Brian Joss –
The all-new fourth-generation Toyota Prius sports a ground-breaking style and sets new standards in fun-to-drive dynamics.
Prius went on sale internationally in 1997 as the world’s first mass-produced hybrid passenger vehicle and helped to change perceptions of alternative energy vehicles from niche products to game-changers. Since the end of July 31, cumulative Prius sales exceed 3.5 million vehicles across 80 countries and regions.
The second generation Prius was launched in 2005 in South Africa, as the first hybrid vehicle on the local market. The third generation model introduced more progressive styling in 2009, along with a larger capacity 1.8 litre engine.
Thanks largely to pioneers such as the Prius; today’s car buyers often expect environmental performance as standard. In response to this trend, Toyota went to great lengths to ensure that the appeal of the fourth-generation model would extend well beyond the car’s proven environmental credentials: the new model also boasts a stylish, attractive design in keeping with its fun-to-drive nature. Additionally, as the first global vehicle to use the Toyota New Global Architecture (TNGA), the new Prius has a completely new, more rigid platform which, combined with a class-leading low centre of gravity and a new front and rear suspension, offer a fun, refined drive.
The new Prius will go on sale in Japan at the end of 2015, and is subsequently scheduled for successive launches around the world. South African introduction is currently under study.
The new model inherits the nameplate’s signature triangular silhouette which, combined with a low centre of gravity, results in an impressively angular yet emotive design.
The use of new headlamps minimises the Prius’ frontal area and, at the same time, provides a striking lighting display which helps define the vehicle’s distinctive character.
Up to eight exterior colours are available, including “Emotional Red” which utilises a newly developed treatment process to achieve a deep, vibrant lustre that highlights the external forms.
According to Kouji Toyoshima, the model’s chief engineer: “There is much more to the new Prius than a green image. The exterior has a particularly emotive appearance, thanks in part to the new platform that enables a low slung silhouette similar to a sports car.”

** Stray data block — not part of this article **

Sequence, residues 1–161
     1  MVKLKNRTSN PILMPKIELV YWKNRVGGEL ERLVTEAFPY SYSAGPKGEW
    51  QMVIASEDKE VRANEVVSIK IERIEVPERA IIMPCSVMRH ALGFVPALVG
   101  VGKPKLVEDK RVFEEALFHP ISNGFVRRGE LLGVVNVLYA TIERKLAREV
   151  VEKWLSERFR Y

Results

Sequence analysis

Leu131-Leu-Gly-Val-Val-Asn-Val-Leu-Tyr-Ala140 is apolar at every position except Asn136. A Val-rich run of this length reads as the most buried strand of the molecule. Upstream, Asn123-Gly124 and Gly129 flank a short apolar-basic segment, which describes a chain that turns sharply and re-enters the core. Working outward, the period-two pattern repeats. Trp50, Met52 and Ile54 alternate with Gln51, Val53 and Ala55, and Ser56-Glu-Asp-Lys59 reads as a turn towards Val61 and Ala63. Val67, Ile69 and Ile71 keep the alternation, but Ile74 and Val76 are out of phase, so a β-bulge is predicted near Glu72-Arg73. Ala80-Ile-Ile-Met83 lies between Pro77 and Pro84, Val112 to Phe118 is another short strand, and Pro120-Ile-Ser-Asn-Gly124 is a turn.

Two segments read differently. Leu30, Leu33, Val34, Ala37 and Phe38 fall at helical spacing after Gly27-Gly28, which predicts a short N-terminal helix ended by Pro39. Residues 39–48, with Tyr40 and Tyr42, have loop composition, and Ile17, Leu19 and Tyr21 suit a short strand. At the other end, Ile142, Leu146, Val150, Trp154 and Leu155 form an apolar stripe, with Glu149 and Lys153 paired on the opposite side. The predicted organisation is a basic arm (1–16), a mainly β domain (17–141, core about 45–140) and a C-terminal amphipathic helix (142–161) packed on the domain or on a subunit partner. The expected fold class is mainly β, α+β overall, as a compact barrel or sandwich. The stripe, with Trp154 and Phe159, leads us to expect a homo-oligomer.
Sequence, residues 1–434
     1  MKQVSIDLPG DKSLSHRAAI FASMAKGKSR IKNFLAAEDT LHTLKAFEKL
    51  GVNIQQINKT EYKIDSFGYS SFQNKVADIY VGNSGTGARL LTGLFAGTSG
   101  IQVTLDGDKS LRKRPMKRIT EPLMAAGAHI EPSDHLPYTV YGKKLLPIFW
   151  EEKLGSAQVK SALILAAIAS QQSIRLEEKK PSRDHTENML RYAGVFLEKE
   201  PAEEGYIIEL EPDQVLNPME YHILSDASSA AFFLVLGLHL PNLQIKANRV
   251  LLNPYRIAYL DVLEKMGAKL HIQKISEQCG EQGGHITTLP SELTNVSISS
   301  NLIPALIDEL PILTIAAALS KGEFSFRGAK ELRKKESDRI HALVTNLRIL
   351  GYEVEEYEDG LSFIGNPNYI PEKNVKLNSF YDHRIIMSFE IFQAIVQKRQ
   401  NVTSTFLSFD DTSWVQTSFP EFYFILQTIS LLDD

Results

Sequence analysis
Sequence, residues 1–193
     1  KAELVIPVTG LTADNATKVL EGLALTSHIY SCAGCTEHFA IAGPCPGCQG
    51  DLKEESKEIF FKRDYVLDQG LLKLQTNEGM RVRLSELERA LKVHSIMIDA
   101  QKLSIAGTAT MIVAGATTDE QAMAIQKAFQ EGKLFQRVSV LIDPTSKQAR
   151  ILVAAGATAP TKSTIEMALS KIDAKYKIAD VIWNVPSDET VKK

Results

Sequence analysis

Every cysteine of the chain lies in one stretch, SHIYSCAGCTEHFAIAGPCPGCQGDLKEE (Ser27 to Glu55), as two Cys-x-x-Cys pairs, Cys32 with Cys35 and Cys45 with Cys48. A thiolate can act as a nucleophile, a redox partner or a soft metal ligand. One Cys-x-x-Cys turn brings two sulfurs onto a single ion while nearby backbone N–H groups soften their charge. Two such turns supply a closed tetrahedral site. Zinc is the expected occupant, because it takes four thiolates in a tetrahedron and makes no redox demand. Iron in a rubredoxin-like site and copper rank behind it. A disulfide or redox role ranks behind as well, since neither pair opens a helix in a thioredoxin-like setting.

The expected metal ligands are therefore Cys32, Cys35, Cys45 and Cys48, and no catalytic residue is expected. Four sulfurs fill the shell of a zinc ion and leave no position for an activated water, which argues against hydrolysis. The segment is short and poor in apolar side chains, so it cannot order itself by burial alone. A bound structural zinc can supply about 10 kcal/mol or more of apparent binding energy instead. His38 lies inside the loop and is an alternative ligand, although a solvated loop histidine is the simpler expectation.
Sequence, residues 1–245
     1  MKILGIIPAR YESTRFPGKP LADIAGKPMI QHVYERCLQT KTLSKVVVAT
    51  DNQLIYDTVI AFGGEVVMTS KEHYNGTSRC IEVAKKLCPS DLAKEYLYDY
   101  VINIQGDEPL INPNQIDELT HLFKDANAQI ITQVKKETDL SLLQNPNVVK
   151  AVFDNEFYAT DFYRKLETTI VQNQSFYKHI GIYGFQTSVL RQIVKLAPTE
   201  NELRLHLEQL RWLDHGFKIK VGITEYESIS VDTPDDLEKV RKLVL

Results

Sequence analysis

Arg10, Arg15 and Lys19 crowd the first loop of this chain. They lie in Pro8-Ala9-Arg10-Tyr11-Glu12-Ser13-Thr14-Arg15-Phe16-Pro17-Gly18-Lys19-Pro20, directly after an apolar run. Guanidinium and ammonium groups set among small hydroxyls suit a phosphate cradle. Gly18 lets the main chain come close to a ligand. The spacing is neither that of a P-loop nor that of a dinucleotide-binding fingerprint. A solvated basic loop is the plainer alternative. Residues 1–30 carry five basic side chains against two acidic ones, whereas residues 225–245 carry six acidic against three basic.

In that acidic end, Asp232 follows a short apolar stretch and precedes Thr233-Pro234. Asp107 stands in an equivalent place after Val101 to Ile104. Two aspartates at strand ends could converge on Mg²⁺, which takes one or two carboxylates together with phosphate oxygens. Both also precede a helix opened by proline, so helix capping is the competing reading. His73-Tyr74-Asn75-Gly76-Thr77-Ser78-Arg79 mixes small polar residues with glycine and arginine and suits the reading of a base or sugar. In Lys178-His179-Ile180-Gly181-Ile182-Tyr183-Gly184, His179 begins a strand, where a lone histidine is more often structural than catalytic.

The Prius’ interior adopts advanced technology complemented by features that are functional, fun and have high visual impact.
To greatly improve core vehicle performance and enhance product appeal, Toyota is implementing the Toyota New Global Architecture, an innovative, integrated, development program for powertrain components and vehicle platforms.
The new Prius features a chassis that is 60 per cent more rigid, while the powertrain unit’s lower placement and low centre of gravity has increased the vehicle’s stability and comfort.
Almost every internal component of the Prius engine is new or substantially revised – effectively blueprinted to the finest limits and tolerances. A comprehensive programme of size and weight reductions for major hybrid components was achieved while maintaining overall performance.
As a result, the Prius has achieved a remarkable world’s best, with over 40 per cent thermal efficiency and a huge boost in fuel economy, contributing significantly to overall driver enjoyment and fewer visits to the fuelling station.
The new Prius is 60 mm longer, 15 mm wider and 20 mm lower than the model it replaces, providing a much more planted on-road presence while also delivering more occupant and luggage room.
A class-challenging low centre of gravity and completely new and far more responsive front and rear suspension package provides a significantly improved driving experience. The height of the Prius’ front badge is exactly the same as that of Toyota’s 86 sports car—an indication of the advancement made in achieving optimum reduction in height and mass.